Climate Change in Australia

Climate information, projections, tools and data

Research outputs

Planned, draft and published outputs include:

  1. Climate change impacts and adaptation in the Southern & Southwestern Flatlands cluster: a review of existing knowledge.
  2. Planning tools in natural resource management and conservation planning.
  3. Southern and Southwestern Flatlands cluster: data layers explained.
  4. Incorporating climate change into recovery plans for threatened vertebrate species in southwestern Australia.
  5. Vegetation community responses to climate change in the Australian Mediterranean ecosystem.
  6. Adapting to climate change: shifting opportunities for the sandalwood plantation industry.
  7. Climate ready revegetation: planting the right species in the right places.
  8. Incorporating climate change into vulnerability analysis of riparian and aquatic species exposed to multiple threats.
  9. Projections of individual species distributions under three emission scenarios for two future time-frames.
  10. Projections of climate refugia under three emission scenarios for two future time-frames.

Links to available published outputs are provided under RELATED RESOURCES (dynamic link to TerraNova).

Related resources

About Southern and South Western Flatlands

The Southern and southwestern Flatlands cluster covers approximately 754,000 km2 and includes two geographically distinct regions, the Southern and South Western Flatlands West (SSWFW) sub-cluster located in Western Australia, and the Southern and South Western Flatlands East (SSWFE) sub-cluster located in South Australia. Together these two sub-clusters incorporate nine NRM regions: South Coast, South West, Perth, Wheatbelt and Northern Agricultural in the SSWFW sub-cluster, and Eyre Peninsula, Kangaroo Island, Adelaide and Mount Lofty Ranges, and Northern and Yorke in the SSWFE sub-cluster. Both sub-clusters have extensive coastlines. The SSWFW sub-cluster coincides with a globally recognised biodiversity hotspot, defined by high levels of plant diversity and endemism, coupled with significant landscape modification. Orographic features of note in this cluster include the Stirling and Porongurup Ranges, Darling Scarp and Mt Lofty Ranges. Most of this region is characterised by a Mediterranean-type climate, with warm, dry summers and cooler, wetter winters.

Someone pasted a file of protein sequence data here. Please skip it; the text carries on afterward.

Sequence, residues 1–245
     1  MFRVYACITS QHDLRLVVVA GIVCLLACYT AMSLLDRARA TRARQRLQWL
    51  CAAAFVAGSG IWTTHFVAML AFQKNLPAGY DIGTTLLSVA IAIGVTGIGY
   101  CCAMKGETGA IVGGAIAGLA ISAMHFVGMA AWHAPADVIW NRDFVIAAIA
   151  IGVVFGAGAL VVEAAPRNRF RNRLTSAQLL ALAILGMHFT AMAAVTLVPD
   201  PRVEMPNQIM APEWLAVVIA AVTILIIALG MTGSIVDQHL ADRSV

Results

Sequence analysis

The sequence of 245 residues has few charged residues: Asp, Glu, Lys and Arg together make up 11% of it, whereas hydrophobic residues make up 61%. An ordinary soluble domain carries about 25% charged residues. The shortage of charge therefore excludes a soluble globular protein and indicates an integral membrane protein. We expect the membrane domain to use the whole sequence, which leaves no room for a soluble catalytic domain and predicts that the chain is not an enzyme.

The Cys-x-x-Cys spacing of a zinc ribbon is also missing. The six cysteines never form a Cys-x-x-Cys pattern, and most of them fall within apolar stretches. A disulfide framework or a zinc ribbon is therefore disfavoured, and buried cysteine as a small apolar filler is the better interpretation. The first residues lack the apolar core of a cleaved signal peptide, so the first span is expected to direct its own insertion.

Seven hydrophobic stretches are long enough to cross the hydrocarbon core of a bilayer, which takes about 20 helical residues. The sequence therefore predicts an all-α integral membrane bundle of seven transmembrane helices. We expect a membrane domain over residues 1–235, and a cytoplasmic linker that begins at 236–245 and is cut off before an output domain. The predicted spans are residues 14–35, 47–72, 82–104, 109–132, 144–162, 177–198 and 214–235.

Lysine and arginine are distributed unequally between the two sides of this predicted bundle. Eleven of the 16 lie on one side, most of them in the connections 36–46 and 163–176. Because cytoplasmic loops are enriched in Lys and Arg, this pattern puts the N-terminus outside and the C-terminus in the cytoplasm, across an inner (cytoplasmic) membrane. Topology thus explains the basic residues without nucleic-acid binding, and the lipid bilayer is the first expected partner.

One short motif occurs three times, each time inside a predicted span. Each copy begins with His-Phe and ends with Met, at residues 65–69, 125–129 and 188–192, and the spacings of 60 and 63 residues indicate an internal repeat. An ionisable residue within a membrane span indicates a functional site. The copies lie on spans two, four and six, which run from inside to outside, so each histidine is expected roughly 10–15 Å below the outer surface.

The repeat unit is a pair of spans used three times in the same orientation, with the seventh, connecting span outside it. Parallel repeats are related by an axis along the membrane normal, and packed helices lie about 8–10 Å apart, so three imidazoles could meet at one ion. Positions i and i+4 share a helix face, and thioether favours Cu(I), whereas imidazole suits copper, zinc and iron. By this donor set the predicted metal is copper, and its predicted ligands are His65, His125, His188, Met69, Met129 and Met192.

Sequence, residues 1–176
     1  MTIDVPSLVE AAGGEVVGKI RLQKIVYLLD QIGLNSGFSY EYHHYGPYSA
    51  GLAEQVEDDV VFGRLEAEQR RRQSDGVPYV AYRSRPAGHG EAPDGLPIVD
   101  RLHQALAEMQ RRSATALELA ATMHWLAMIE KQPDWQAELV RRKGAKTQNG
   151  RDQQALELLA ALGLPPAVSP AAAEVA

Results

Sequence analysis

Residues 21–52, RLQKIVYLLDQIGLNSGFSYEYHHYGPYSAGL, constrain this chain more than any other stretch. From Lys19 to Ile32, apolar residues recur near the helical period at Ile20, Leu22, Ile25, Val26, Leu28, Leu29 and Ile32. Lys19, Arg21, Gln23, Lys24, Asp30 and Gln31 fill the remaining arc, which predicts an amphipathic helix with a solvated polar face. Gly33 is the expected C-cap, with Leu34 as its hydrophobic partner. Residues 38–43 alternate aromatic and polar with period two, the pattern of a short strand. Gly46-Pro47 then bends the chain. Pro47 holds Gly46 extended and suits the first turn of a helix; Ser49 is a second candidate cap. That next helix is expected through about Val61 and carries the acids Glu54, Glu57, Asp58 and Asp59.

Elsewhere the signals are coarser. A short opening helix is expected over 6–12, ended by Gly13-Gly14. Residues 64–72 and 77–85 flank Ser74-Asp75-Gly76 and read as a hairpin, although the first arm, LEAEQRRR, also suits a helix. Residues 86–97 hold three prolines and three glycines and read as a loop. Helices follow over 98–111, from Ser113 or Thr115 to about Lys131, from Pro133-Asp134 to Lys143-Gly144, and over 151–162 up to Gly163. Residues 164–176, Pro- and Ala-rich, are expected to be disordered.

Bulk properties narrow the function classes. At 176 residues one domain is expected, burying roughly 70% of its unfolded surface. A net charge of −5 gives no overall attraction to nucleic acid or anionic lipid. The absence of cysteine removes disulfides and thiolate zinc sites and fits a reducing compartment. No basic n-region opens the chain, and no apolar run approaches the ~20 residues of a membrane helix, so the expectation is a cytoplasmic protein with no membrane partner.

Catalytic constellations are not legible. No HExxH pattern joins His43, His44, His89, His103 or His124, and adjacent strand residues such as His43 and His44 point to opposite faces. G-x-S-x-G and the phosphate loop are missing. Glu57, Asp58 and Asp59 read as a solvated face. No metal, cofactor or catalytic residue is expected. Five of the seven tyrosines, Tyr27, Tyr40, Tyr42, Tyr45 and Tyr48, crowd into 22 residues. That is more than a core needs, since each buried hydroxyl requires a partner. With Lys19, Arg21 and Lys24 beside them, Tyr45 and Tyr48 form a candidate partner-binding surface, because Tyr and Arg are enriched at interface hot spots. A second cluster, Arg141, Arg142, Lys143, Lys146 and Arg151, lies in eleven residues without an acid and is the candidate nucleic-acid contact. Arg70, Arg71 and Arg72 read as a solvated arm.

Map of the cluster showing that it covers two separate areas, separated by the Nularbor Plain, encompassing south-west Western Australia and much of the coastal area of South Australia.

Download map (4.7 MB)

Photograph of turquise waters lapping heath covered low rocky hills.

Key Messages & Issues

The Flatlands cluster encompasses one of the five Mediterranean ecosystems that occur globally. These five areas support 20% of the Earth’s known vascular plant diversity. High levels of conversion for agriculture, development and other human uses have resulted in these areas being considered a global conservation priority. Increasing temperatures and decreasing rainfall associated with future climate change is expected to further threaten biodiversity in the Australian Mediterranean ecosystem. The NRM regions across the cluster are working with researchers to identify how threats to biodiversity and agriculture from climate change can be mitigated.

Background to Research

This project consists of four sub-projects:

  1. Review and synthesis of existing information
  2. Preparation of spatial data layers based on existing studies
  3. New bioclimatic modelling
  4. Ongoing support for planning using spatial data 

The project commenced with workshops in Perth and Adelaide in 2013 aimed at identifying data priorities of the NRM regional organisations in the cluster and clarifying which planning tools would be used by the NRM regions to incorporate climate change into NRM planning. On-going consultation following these workshops led to the identification of key biodiversity and agriculture data needs that included threatened species and their habitats, key and/or iconic flora species, key vegetation habitat types, linkages and corridors and fire.